Sadie and Bessie were two of ten children of Henry Beard Delany, an ex-slave who became America's first black Episcopal bishop, and Nanny James Delany , an issue-free black whose ancestry was mostly white. (Issue-free meant that although she had some black ancestry, her mother was not a slave.) The sisters grew up on the North Carolina campus of St. Augustine's College, a school for blacks in Raleigh, where their father was a teacher and an administrator and their mother was the supervising matron. The Delany children were well-educated, strictly disciplined, and held to high standards, although their environment was nurturing and somewhat protected. "We had unusual parents, " Bessie said. "Everyone thinks their parents were special, but I know ours were. Our father was wise and he was very proud of his family. We were and we are a loving family, very close to each other."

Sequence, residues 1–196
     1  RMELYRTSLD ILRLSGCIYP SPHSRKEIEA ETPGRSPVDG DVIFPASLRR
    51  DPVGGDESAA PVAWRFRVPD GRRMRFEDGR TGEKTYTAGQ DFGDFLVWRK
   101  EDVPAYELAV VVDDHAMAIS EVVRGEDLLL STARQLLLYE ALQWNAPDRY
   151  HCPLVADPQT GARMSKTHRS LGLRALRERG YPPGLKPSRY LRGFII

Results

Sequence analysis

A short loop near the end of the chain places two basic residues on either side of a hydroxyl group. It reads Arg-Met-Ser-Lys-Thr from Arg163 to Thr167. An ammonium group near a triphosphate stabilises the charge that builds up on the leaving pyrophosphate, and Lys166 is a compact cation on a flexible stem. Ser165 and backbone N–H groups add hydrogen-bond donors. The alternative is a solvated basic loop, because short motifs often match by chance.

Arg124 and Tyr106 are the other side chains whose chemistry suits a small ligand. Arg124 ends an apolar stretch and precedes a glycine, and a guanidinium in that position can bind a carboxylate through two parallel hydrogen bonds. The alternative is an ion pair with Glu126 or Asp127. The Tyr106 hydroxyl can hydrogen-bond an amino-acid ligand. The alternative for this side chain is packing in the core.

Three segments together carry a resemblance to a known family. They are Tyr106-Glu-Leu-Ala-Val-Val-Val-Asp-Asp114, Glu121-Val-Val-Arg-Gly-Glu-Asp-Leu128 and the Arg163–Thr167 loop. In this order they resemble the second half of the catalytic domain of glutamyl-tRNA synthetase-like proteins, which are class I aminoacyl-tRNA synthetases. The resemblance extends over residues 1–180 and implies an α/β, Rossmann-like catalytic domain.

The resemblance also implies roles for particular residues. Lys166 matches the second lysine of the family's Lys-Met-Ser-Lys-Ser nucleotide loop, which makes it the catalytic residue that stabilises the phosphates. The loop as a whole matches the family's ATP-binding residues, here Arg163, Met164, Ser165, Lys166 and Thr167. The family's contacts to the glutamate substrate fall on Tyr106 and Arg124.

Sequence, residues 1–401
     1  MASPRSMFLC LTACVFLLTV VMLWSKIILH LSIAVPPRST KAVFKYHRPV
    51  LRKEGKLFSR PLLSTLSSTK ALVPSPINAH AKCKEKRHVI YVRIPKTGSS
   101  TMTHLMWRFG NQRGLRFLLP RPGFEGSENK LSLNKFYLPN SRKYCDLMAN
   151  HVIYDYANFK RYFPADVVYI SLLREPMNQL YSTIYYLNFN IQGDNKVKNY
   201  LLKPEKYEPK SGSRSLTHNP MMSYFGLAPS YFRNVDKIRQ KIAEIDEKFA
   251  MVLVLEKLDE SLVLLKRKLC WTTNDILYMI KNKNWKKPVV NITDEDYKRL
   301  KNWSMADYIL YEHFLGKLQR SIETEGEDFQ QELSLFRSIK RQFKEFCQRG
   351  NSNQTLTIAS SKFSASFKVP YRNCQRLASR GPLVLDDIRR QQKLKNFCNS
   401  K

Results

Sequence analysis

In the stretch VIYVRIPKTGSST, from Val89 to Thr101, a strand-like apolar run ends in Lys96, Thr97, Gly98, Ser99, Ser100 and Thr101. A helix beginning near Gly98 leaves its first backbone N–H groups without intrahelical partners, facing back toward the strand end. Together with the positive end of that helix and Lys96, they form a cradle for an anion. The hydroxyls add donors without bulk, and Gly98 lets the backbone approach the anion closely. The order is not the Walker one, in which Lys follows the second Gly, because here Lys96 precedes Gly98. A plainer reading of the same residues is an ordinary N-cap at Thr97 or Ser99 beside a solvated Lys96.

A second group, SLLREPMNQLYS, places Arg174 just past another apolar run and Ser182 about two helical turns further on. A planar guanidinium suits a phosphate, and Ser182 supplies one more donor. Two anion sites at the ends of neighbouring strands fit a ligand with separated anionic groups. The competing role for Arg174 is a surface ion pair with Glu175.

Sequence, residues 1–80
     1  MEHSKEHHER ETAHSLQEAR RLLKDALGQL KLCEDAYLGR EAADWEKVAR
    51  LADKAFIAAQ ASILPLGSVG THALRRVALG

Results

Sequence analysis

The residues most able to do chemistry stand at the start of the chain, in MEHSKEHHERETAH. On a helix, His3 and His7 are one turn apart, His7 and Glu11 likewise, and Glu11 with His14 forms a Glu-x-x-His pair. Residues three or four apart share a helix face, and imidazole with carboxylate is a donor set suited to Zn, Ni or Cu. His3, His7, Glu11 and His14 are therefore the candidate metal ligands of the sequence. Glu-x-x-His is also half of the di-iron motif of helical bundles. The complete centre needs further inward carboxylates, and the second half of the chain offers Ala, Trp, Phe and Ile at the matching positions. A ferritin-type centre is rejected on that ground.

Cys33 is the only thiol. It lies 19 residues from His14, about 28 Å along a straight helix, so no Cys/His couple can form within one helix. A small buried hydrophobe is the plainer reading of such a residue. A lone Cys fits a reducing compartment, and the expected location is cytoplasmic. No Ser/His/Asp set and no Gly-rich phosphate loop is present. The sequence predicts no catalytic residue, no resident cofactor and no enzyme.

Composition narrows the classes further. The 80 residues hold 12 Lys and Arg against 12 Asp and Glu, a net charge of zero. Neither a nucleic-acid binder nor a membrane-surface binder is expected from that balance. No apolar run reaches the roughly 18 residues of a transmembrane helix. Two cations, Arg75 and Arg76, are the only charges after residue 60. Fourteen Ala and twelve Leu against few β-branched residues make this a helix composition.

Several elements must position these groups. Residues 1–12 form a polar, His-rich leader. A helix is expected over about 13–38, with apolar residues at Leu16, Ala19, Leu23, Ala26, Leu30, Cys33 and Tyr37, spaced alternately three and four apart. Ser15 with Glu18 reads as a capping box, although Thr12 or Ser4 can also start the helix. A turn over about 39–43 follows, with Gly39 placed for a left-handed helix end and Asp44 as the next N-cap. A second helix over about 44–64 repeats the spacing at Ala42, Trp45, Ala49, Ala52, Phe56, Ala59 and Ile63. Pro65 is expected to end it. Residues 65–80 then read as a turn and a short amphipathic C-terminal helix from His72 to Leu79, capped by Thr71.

The sisters vividly recalled the changes in the South at the turn of the century, when the Jim Crow laws institutionalized segregation by race. They remembered the first day they were refused service at Johnson's Drug Store in Raleigh, where they customarily went for limeades, and the day they went to get water and found a divider placed over the middle of the spring with a sign on one side that read "Whites Only." "It was a terrible time," Sadie said. "People got lynched—it was terrible." Bessie, the more outspoken and confrontational of the sisters, would frequently sneak sips from the "white" water fountains and was almost lynched herself one day for speaking rudely to a "rebby boy" in a train station. They endured racism later in life, too. Bessie spoke of a particularly humiliating incident that occurred at the Hotel Pennsylvania in Manhattan in 1924, when she asked a man at the front desk to direct her to the room where she was to attend a medical conference. "That louse directed me to the men's room," she recalled, still angry after 65 years. "I have never gotten over that."